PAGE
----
By Matthew Garrahan in Los Angeles and Roger Blitz in London
The Formula One Teams Association has hired Evolution Media Capital, a boutique investment bank, to assess the value of its media rights before it negotiates a new funding agreement with CVC, the private equity firm that owns the sport.
Fota, CVC, Bernie Ecclestone, the head of F1, and the Federation Internationale de l’Automobile, the sport’s governing body, are next year due to negotiate a new “Concorde agreement”, which divides up F1 revenues.
But the team owners are anxious to secure a larger share and have hired EMC, which declined to comment, to advise them of their options. “This sport is probably the second or third largest in the world and the teams who take all the financial risk receive a minority share of the revenues,” said a person familiar with the situation. “There is so much value that these guys are sitting on that they are not realising.”
Fota’s move comes at a delicate time for the association, which has grown more powerful over recent years but whose future has been questioned by some teams, including Ferrari and Red Bull, whose driver Sebastian Vettel won this year’s world driver’s championship.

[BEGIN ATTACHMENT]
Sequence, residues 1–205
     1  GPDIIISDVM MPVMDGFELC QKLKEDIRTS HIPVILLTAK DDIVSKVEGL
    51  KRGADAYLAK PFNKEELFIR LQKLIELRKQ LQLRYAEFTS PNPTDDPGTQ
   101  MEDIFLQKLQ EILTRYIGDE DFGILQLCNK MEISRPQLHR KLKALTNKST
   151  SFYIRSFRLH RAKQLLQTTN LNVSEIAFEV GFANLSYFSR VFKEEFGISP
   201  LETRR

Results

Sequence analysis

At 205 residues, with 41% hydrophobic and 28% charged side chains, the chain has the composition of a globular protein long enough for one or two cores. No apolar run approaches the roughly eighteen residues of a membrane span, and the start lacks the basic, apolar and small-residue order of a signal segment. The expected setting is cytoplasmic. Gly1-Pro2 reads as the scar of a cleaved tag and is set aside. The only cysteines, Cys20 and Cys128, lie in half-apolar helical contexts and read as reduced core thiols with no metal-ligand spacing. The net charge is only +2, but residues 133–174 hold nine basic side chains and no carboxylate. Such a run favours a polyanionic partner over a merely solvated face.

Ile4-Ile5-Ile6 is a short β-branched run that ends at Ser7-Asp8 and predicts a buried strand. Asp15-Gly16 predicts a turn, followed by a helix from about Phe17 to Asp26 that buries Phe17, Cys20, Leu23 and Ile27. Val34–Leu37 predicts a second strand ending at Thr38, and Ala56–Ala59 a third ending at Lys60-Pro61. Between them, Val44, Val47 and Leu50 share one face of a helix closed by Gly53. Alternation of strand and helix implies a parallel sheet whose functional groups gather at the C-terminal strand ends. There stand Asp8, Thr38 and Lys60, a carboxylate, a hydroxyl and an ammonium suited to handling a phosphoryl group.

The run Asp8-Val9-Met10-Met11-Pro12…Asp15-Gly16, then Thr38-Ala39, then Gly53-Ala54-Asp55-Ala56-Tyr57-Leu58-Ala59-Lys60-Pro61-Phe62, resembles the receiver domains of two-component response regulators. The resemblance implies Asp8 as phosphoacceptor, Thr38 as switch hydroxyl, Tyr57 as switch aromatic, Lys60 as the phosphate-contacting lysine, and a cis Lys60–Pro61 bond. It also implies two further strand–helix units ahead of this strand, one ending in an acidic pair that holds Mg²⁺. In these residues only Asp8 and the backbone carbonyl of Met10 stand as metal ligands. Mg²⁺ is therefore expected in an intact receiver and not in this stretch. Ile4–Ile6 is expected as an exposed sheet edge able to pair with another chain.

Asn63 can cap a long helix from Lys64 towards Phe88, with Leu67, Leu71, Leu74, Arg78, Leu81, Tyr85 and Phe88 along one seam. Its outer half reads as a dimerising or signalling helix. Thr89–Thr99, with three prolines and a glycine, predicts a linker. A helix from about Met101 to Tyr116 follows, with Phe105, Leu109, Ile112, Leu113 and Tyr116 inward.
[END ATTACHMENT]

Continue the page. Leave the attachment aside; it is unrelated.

Among the areas of contention is the agreement between the teams to keep costs within acceptable limits in order to protect smaller teams and avoid the kind of spending bonanza that caused F1’s financial crisis in 2008 and 2009.
But the most immediate issue for F1 is the bribery trial beginning on Monday in Germany involving a former Bayern LB banker, who is accused of receiving $44m in alleged bribes from Mr Ecclestone and a family trust in connection with the sale in 2005 of the bank’s stake in the racing series.
With Concorde agreement negotiations not expected to start in earnest until 2012, EMC has time to assess the sport’s global media value, particularly its new media rights. The company is affiliated with Creative Artists Agency, the Hollywood talent agency that represents stars ranging from George Clooney to basketball’s LeBron James. It has advised on $13bn of sports deals, including the recent sale of the Philadelphia 76ers basketball franchise and the $3bn college sports broadcasting deal struck by the Pacific 10 conference of western US universities this summer.
The hiring of EMC comes as potential buyers have explored possible bids for F1. News Corp this year considered a joint bid for the sport with Carlos Slim, the Mexican billionaire, but their interest has not yet materialised in a formal offer.
EMC will work alongside DC Advisory Partners, a London-based firm, in assessing the Fota rights.
Past Concorde negotiations have been fraught. In 2009 talks came close to breaking down when the teams discussed forming a breakaway competition.
© The Financial Times Limited 2011